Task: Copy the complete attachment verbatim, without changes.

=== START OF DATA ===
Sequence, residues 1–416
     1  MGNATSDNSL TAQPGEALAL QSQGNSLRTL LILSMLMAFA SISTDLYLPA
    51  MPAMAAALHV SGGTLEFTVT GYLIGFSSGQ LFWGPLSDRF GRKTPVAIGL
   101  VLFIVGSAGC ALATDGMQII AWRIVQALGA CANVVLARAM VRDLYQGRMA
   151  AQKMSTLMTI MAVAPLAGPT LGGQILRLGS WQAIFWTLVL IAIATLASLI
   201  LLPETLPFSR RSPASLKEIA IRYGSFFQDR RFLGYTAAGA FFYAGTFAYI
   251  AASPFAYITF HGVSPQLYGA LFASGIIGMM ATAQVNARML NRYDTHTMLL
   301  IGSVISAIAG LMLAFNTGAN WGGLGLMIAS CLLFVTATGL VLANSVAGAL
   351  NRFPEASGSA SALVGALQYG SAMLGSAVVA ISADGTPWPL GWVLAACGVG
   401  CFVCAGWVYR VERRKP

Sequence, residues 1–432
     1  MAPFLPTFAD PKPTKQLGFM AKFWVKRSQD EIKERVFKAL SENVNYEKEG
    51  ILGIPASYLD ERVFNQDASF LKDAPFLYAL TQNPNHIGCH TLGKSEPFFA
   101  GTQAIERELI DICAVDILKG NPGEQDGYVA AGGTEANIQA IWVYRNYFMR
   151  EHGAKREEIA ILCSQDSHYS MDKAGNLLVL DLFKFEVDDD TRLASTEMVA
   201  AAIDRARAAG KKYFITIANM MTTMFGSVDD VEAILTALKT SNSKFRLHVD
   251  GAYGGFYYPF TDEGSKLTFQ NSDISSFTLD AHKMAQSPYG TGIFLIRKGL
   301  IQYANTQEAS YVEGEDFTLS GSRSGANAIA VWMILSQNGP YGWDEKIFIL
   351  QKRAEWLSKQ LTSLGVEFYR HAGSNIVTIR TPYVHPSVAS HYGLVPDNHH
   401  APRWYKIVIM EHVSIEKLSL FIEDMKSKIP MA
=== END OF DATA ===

Sequence, residues 1–416
     1  MGNATSDNSL TAQPGEALAL QSQGNSLRTL LILSMLMAFA SISTDLYLPA
    51  MPAMAAALHV SGGTLEFTVT GYLIGFSSGQ LFWGPLSDRF GRKTPVAIGL
   101  VLFIVGSAGC ALATDGMQII AWRIVQALGA CANVVLARAM VRDLYQGRMA
   151  AQKMSTLMTI MAVAPLAGPT LGGQILRLGS WQAIFWTLVL IAIATLASLI
   201  LLPETLPFSR RSPASLKEIA IRYGSFFQDR RFLGYTAAGA FFYAGTFAYI
   251  AASPFAYITF HGVSPQLYGA LFASGIIGMM ATAQVNARML NRYDTHTMLL
   301  IGSVISAIAG LMLAFNTGAN WGGLGLMIAS CLLFVTATGL VLANSVAGAL
   351  NRFPEASGSA SALVGALQYG SAMLGSAVVA ISADGTPWPL GWVLAACGVG
   401  CFVCAGWVYR VERRKP

Sequence, residues 1–432
     1  MAPFLPTFAD PKPTKQLGFM AKFWVKRSQD EIKERVFKAL SENVNYEKEG
    51  ILGIPASYLD ERVFNQDASF LKDAPFLYAL TQNPNHIGCH TLGKSEPFFA
   101  GTQAIERELI DICAVDILKG NPGEQDGYVA AGGTEANIQA IWVYRNYFMR
   151  EHGAKREEIA ILCSQDSHYS MDKAGNLLVL DLFKFEVDDD TRLASTEMVA
   201  AAIDRARAAG KKYFITIANM MTTMFGSVDD VEAILTALKT SNSKFRLHVD
   251  GAYGGFYYPF TDEGSKLTFQ NSDISSFTLD AHKMAQSPYG TGIFLIRKGL
   301  IQYANTQEAS YVEGEDFTLS GSRSGANAIA VWMILSQNGP YGWDEKIFIL
   351  QKRAEWLSKQ LTSLGVEFYR HAGSNIVTIR TPYVHPSVAS HYGLVPDNHH
   401  APRWYKIVIM EHVSIEKLSL FIEDMKSKIP MA